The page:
Physicist: Don’t fall for the argument about ‘settled science’

I am dismayed to hear that NBC’s “Meet The Press” is actually blaming science for its decision to shut down any intelligent, meaningful discussion about climate change. “We’re not going to give time to climate deniers,” the show’s host recently said, referring to people, including Nobel laureates, who disagree that humans are mostly to blame for altering Earth’s climate. “The science is settled even if political opinion is not.”

For the record I’m neither a “denier” or an “alarmist.” I’m a physicist who does his very best to seek the truth, the whole truth, and nothing but the truth. I’m also a journalist who’s been covering the complexities of the climate change story since the 1980s, even reporting directly from the north and south poles, where much of the climate research is done.

My point here is not to debate the merits of today’s resolute scientific consensus that humans are having a decisive, apocalyptic impact on the climate. It might very well be correct.

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My point is that if you are absolutely, 100 percent convinced it is – as evidently the producers of the aforementioned news show are – you have a right to say your mind is settled, or your politics are settled. But never say the science of this or any equally complex subject is “settled.”

That crucial lesson was learned centuries ago, when something far simpler than Earth’s mercurial climate was being hotly debated. Back then the scientific community was convinced beyond any doubt that our planet was at the center of the universe. In the sixteenth century, Nicolaus Copernicus – a “geocentric denier,” to use today’s pejorative labeling – was derided for believing the sun was at the center of everything.

Mainstream scientists and university professors of the day proclaimed the science was settled and justified their “evidence-based” derision of Copernicus by citing the mountain of observational data in favor of the geocentric consensus. Tragically, if NBC had been around, the good Mr. Copernicus would not have been allowed to argue his case on "Meet The Press."

Ditto for that other notorious geocentric denier, Galileo Galilei. In the early seventeenth century even the Catholic Church – which had long since reconciled scripture with science’s earth-centered consensus – condemned Galileo for his wayward thinking. Declaring that both science and scripture were settled, Pope Urban VIII’s chief inquisitor sentenced the aged astronomer to house arrest – but only after shaming him into publicly recanting his denial of geocentricism.

The list is long and sobering of examples in history where resolute scientific consensuses have been disproven. And, worse, disproven only after “deniers” had been crushed and even destroyed for touting nonconforming interpretations of available evidence. Altogether the lesson should be crystal clear: science – which I believe to be the most brilliant discipline we have for understanding the physical universe – is fallible and, therefore, always open to debate.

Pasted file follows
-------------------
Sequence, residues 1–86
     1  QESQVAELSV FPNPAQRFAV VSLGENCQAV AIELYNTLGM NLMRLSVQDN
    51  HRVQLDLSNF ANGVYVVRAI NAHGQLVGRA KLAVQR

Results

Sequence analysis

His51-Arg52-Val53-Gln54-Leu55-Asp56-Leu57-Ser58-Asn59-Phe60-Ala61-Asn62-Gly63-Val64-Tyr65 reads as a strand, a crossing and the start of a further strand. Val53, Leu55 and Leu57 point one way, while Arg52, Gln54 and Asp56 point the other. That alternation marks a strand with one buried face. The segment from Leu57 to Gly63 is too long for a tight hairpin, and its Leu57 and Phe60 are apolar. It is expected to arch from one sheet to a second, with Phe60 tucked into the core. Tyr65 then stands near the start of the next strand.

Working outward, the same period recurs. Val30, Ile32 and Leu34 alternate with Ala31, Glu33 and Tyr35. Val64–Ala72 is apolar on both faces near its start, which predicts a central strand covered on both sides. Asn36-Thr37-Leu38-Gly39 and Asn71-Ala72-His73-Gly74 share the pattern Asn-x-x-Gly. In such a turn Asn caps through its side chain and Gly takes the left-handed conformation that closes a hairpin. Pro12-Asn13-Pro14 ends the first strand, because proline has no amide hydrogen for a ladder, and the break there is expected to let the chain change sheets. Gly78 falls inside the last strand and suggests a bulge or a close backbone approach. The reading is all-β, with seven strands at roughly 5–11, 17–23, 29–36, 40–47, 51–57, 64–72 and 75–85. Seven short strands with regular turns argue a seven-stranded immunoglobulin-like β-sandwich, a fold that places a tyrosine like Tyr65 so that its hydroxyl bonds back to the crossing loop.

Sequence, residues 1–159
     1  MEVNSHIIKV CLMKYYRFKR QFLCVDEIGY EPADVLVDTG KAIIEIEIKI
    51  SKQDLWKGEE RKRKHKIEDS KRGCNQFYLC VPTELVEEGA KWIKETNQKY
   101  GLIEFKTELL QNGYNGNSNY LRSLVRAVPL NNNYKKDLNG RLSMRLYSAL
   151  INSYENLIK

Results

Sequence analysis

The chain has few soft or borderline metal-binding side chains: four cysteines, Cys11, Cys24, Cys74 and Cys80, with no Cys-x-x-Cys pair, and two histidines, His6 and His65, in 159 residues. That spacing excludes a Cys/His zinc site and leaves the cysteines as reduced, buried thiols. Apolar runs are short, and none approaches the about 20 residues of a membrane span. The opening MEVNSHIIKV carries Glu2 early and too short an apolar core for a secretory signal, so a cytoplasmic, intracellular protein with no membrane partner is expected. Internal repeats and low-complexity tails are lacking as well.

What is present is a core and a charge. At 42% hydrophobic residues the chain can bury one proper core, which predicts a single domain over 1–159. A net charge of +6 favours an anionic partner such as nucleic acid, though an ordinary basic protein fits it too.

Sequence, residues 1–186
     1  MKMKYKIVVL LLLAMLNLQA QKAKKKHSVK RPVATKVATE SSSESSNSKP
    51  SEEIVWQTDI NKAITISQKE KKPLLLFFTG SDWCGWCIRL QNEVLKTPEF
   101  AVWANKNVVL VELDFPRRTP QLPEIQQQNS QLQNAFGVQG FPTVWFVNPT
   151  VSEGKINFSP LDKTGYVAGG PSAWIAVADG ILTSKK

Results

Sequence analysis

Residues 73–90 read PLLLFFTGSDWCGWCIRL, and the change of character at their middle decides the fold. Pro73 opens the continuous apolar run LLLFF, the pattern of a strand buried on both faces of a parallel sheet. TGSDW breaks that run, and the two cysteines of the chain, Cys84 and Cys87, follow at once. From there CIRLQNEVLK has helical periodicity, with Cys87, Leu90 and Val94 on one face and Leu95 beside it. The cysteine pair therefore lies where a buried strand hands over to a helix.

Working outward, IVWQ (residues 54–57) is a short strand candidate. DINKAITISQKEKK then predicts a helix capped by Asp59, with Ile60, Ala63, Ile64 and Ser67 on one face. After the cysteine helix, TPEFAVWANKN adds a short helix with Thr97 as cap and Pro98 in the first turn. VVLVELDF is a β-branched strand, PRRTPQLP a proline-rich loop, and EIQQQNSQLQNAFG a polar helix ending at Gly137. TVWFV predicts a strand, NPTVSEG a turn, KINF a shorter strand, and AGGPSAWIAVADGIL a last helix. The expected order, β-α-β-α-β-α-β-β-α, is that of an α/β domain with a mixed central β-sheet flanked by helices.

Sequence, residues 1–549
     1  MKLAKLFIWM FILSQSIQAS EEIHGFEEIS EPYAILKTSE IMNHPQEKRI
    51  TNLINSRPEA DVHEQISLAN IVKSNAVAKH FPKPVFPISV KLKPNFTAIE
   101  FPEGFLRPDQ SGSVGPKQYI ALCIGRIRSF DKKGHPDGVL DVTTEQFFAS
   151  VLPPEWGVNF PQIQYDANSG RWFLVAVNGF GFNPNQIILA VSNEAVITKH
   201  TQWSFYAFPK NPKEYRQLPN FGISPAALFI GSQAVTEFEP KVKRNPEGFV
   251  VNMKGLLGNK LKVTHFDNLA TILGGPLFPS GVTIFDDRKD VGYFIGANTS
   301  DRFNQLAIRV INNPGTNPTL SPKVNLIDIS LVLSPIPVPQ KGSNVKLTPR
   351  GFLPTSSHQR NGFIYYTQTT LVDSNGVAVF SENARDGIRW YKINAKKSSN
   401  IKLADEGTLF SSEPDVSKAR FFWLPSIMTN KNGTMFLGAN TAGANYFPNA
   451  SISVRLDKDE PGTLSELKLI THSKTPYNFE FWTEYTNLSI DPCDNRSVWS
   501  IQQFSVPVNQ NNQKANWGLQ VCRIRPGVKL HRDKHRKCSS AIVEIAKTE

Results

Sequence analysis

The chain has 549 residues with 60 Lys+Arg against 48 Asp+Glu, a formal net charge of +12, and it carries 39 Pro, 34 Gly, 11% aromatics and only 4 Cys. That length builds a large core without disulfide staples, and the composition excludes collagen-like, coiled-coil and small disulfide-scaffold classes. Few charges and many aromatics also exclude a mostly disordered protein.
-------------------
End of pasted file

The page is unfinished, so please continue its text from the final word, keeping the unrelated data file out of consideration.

The "Meet The Press’" policy is pointedly and dangerously unscientific. And so are the calls by like-minded individuals to not just silence but punish anyone who dares to challenge the consensus of human-caused climate change – all allegedly in the name of science.

“I think that denying climate change is a crime against humanity,” says comedian Eric Idle, not joking. “And they should be held accountable in a World Court.”

Bill Nye – another commentator, but with an undergraduate degree in mechanical engineering – agrees, saying, “this extreme doubt about climate change is affecting my quality of life as a public citizen. So I can see where people are very concerned about this, and they’re pursuing criminal investigations …”

“The scientific consensus is in, and the argument is now over,” proclaims actor Leonardo Di Caprio. “If you do not believe in climate change, you do not believe in facts, or in science or empirical truths and therefore, in my humble opinion, should not be allowed to hold public office.”

Albert Einstein once faced a similar kind of repulsive, benighted lynch mob. In his day, the scientific establishment resolutely believed that time and space were absolutes and cited as incontrovertible proof a vast literature of peer-reviewed, published studies. Collectively, mainstream scientists mocked Einstein’s belief that space and time were relative – some calling it “Jewish science,” a particularly hateful way of smearing the young space-time denier.

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Yet, as everyone now knows, Einstein – like Copernicus, Galileo, and scores of other vindicated “deniers” over the centuries – ultimately disproved the vaunted scientific consensus.

By all means, vet your guests carefully – avoid the uncredentialed nut jobs and purely political partisans. But, above all, heed Einstein’s wise words about how science really works. “No amount of experimentation can ever prove me right,” he observed, “a single experiment can prove me wrong.”

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